To give students more control over their learning, perhaps a librarian allows class time for independent work, during which students can talk one-on-one with the librarian or course instructor about their topic and their research process. Or maybe students work in small groups to sharpen the focus of a shared research topic, and they prepare to share their process with the larger class. With either approach students can be active and potentially self-directly in their learning, while also having supports (or scaffolds) available to facilitate their process. Those scaffolds might include, for example, in-class modeling, small group work on a focused task, question prompts, worksheets, or individualized feedback from the librarian or instructor.

Another common situation in one-shot instruction is when students are identifying key search terms in order to locate sources for their research topics. Some students easily find useful keywords and relevant sources. Others have more challenging topics and are struggling to identify search terms. Perhaps the class is asked after a short period of searching to share about the successes and challenges they had with keyword searching, a conversation that involves meaning making and an appreciation for the different research scenarios in which each person is engaged.

The class might then experiment in small groups and/or in the larger group with one of the more challenging searches. Or students might be given the option either to continue working individually or in pairs on keyword searching or to focus on other aspects of their research process, as the librarian checks in with individuals and small groups. These are just a couple of possible approaches: the direction that a class takes hinges upon students’ interests and needs in that situation. Flexible pedagogy principles can help to generate thinking about those possibilities.

The familiarity of the two instruction scenarios described above illustrates that often librarians apply flexible learning and scaffolding principles automatically. But thinking more intentionally about how students can have greater control over their learning and how learning resources meet their different needs can strengthen these efforts, as we look to balance the degrees of structure and flexibility built into our instruction and as we seek more openings for students to experience greater choice and agency in their learning process.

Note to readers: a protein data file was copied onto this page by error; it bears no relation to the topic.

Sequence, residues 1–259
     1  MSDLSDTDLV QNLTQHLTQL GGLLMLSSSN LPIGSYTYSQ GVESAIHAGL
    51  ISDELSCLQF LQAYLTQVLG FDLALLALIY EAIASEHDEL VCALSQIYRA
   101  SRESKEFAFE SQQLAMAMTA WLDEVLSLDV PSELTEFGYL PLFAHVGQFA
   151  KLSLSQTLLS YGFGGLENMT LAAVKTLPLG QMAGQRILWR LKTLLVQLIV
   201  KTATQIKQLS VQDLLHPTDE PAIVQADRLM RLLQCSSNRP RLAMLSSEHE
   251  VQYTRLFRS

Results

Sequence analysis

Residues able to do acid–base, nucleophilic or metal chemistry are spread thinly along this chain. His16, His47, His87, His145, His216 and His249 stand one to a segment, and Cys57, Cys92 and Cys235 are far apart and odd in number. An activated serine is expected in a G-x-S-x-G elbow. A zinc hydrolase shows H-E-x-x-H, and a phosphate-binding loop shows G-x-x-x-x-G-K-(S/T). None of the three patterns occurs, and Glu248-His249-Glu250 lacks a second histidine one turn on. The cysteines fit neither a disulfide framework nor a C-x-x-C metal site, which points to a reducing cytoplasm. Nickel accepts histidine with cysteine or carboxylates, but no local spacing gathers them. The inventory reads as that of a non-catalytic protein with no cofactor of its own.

Closing thoughts and questions

Balancing the need for structure and flexibility is often a delicate dance, especially when a librarian enters a classroom as a one-time visitor. How do we design learning experiences that are structured enough to provide students with helpful degrees of guidance, but that are open-ended enough so that students feel welcome to bring their own experiences, strengths, and interests to learning? While our answers to these questions are highly contextual and dynamic, the following considerations can facilitate more intentional engagement with flexible scaffolding and flexible pedagogy:

  • considering students’ prior knowledge and experiences,
  • balancing structure and flexibility (including through the use or removal of scaffolds),
  • identifying constructive places for choice,
  • creating prompts for students’ reflection on their own needs and interests, and
  • fostering metacognition (thinking about one’s own thinking and process) and self-regulated learning.

Identifying various ways that we scaffold our instruction may also help us to balance the needs for flexibility and structure in learning. Common scaffolds (e.g., Think-Pair-Share activities, warm-up activities like brainstorming and word clouds, question prompts, sequential assignments, online instruction resources) can simultaneously provide some structure and encourage flexible and self-directed learning. Particularly when so many students and educators are teaching remotely and seeking ways to experience more agency in the learning process, the principles of flexible pedagogy and flexible scaffolding can help to spark the creativity and curiosity that are at the heart of engaged teaching and engaged learning.

Notes

  1. Michelle Schwartz, Natalie Roach, Saba Anwar, Jacalyn Tanner, Ryan Thistle, Learning and Teaching Office, and Ryerson Mental Health & Wellbeing Committee, Policy & Procedures Subcommittee, “Flexible Learning Resource,” Ryerson University, p. 1, https://www.ryerson.ca/content/dam/learning-teaching/teaching-resources/teach-a-course/flexible-learning.pdf (accessed May 21, 2020).
  2. Jerome S. Bruner, The Process of Education (Cambridge: Harvard University Press, 1960).
  3. Schwartz et al., p. 2.
  4. Schwartz et al., p. 6.
  5. Stuart R. Palmer, “The Lived Experience of Flexible Education: Theory, Policy and Practice,” Journal of University Teaching and Learning Practice 8, no. 3 (2011): 1–16.
  6. Alex Ryan and Alex Tilbury, “Flexible Pedagogies: New Pedagogical Ideas,” The Higher Education Academy, November 2013, https://www.heacademy.ac.uk/sites/default/files/resources/npi_report.pdf (accessed May 21, 2020), p. 4.
  7. Per Bernard Bergamin, Simone Ziska, Egon Werlen, and Eva Siegenthaler, “The Relationship between Flexible and Self-Regulated Learning in Open and Distance Universities,” The International Review of Research in Open and Distributed Learning 13, no. 2 (2012): 101–123.
Copyright Andrea Baer